Two communication bridges to one versatile molecule

Ricardo Mondragón, Doris Cerecedo

Research output: Chapter in Book/Report/Conference proceedingChapter

Abstract

Actin helical filaments are the key tools of the cytoskeleton for adapting cells to the physical or chemical microenvironment signals organizing cell contents, coordinating movement, or changing shape. Actin polymerization is controlled by regulatory proteins including nucleation, depolymerizing and severing factors, capping proteins, polymerases, crosslinkers, and stabilizing proteins. The cell's exquisite sensitivity in responding to a wide range of physical or chemical stimuli, is translated into cytoskeleton reorganization and adhesion-site modulation. Living cells survive, proliferate, or differentiate while they are anchored to their extracellular matrix. It comprises a complex bulk of information integrated into a coherent environmental signal. This is achieved through integrins that are the major family of transmembrane adhesion receptors composed of α and β units. These heterodimers not only play an anchorage mechanical role they also transmit chemical signals into the cell concerning their microenvironment and adhesive state. Integrin-based interaction networks follow an ordered series of events that range from their activation to focal adhesion assembly involving the participation of actin and actin binding proteins. Activated integrins link directly to the signalling and cytoskeletal systems regulating multiple cellular features, such as cell anchoring, locomotion, substrate deformation and matrix remodeling, in which actin possesses an essential role. Integration of incoming signals and whether to respond to these depends not only on integrin properties; an additional glycoprotein system named dystroglycan has demonstrated specific binding patterns to certain extracellular matrix components, supporting cell adhesion and translating signals. Dystroglycan was identified as Dystrophin glycoprotein complex (DGC) component; it comprises α- and β subunits. Alfa-dystroglycan is located at the extracellular peripheral membrane interacting with extracellular matrix proteins, while β-dystroglycan binds to α-dystroglycan on the extracellular face, and on its intracellular face to F-actin. Dystroglycan potential adhesion is due to its privileged position between cytoskeleton and extracellular matrix combined with their differential glycosylation patterns, tissue-specific expression, and multiple potential interactions. In this regard, dystroglycan has been found as a component of podosome adhesion structures, as well as in focal adhesions, interacting with vinexin, a vinculin binding partner. In this chapter, we focus on the relationship between the two specific transmembrane proteins that link the extracellular matrix and connect with F-actin to develop microenvironment-triggered responses, particularly regarding the focal adhesions, stress fibers, podosomes, and filopodia in which integrins and dystroglycans are involved. © 2012 Nova Science Publishers, Inc. All rights reserved.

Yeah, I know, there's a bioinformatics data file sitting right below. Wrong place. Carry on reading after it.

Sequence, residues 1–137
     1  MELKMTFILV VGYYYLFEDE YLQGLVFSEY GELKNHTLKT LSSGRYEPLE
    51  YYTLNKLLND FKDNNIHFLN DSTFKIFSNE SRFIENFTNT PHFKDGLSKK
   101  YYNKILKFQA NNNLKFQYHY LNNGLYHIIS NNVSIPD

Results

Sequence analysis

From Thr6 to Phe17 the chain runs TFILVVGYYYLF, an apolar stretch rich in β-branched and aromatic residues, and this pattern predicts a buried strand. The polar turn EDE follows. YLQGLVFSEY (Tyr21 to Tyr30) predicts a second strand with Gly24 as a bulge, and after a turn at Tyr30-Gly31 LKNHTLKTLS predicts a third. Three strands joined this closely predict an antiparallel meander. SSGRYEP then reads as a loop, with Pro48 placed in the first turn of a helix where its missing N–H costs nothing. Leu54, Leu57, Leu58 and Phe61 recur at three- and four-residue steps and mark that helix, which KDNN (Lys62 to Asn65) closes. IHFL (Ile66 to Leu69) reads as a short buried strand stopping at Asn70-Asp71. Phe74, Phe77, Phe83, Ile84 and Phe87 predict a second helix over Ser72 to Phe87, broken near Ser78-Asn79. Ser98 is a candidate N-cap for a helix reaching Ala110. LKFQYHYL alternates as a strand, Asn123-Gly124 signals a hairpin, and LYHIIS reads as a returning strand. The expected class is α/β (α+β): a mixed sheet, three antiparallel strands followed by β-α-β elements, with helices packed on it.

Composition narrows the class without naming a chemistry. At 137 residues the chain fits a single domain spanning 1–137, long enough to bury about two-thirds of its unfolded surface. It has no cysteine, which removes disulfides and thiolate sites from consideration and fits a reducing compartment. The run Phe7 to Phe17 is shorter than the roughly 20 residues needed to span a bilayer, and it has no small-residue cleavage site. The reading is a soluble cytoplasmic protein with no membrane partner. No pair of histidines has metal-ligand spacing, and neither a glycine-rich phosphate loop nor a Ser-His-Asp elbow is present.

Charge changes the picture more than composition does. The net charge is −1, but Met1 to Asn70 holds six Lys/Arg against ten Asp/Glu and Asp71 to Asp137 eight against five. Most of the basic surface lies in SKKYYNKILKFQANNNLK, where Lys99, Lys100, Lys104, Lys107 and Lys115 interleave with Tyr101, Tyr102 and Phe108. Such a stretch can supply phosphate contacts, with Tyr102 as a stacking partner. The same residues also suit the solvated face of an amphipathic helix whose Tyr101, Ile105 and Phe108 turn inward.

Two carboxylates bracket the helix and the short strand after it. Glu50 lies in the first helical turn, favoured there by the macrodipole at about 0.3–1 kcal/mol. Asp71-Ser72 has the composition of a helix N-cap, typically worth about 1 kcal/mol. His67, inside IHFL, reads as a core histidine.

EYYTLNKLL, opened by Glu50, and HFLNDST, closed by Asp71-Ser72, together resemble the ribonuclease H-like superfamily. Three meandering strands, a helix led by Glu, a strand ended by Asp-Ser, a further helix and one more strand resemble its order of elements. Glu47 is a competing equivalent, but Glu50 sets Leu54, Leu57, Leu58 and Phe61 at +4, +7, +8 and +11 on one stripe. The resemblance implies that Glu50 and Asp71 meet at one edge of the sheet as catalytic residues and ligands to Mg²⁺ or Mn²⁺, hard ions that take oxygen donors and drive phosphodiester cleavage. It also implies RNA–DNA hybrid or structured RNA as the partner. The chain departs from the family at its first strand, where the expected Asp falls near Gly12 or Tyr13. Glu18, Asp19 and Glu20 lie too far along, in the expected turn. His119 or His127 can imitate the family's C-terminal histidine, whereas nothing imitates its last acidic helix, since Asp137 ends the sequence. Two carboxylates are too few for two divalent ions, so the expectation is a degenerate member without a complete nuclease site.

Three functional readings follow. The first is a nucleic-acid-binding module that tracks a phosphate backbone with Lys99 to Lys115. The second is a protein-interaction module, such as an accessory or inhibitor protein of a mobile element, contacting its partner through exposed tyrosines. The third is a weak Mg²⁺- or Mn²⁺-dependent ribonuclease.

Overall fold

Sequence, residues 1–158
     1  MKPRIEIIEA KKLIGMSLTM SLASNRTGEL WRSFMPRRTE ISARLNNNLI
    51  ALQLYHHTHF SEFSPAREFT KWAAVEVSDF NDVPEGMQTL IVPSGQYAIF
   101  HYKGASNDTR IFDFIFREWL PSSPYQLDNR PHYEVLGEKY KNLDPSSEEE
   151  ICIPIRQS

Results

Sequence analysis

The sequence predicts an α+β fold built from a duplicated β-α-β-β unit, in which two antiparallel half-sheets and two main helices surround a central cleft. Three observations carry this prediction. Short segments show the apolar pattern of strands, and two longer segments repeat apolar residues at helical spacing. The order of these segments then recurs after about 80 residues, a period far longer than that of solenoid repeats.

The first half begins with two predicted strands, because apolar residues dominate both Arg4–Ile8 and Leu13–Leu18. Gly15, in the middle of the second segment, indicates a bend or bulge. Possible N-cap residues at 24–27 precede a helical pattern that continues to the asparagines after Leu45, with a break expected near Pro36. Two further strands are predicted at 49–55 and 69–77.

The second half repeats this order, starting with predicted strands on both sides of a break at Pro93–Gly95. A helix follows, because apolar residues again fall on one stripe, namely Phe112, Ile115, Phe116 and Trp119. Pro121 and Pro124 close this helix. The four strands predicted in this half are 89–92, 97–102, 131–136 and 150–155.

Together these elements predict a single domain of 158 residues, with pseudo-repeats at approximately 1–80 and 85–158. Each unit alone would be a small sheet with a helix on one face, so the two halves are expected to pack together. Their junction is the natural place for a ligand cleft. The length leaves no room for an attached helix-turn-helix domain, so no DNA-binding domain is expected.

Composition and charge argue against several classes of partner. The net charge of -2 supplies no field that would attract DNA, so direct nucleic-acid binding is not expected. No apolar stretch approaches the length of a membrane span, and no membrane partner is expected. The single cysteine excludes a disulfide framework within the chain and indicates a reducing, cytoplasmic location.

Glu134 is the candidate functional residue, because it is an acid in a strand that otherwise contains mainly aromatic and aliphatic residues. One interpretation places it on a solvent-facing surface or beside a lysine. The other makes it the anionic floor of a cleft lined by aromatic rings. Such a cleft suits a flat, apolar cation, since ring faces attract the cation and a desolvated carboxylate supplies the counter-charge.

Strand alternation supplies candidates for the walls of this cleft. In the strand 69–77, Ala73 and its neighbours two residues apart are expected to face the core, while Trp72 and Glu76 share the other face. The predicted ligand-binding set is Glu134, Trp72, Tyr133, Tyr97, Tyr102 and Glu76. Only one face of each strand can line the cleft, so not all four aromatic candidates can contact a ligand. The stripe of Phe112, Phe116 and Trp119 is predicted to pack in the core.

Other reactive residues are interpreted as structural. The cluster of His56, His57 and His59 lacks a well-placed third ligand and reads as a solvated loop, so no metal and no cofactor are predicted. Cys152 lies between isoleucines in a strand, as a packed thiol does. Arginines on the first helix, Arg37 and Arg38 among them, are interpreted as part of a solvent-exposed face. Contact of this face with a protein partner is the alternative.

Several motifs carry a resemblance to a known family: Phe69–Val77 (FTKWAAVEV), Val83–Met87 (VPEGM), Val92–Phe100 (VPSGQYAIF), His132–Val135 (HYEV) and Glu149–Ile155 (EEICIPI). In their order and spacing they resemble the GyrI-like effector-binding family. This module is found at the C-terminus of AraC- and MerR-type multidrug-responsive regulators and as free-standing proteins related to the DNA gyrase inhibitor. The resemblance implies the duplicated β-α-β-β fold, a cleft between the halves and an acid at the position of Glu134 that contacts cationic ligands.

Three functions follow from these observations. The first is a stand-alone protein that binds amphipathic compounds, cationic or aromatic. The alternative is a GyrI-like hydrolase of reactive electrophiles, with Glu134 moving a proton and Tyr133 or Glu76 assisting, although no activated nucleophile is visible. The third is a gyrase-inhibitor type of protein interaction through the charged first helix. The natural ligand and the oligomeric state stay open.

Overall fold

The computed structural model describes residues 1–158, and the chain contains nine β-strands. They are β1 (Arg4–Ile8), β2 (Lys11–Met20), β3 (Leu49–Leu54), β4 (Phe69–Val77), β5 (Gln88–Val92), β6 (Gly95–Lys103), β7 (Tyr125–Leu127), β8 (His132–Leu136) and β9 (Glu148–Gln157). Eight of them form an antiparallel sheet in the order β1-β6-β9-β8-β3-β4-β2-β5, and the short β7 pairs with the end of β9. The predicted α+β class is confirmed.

Original languageAmerican English
Title of host publicationActin: Structure, Functions, and Disease
Number of pages119
ISBN (Electronic)9781621001911
StatePublished - 1 Dec 2012

Fingerprint Dive into the research topics of 'Two communication bridges to one versatile molecule'. Together they form a unique fingerprint.

  • Cite this

    Mondragón, R., & Cerecedo, D. (2012). Two communication bridges to one versatile molecule. In Actin: Structure, Functions, and Disease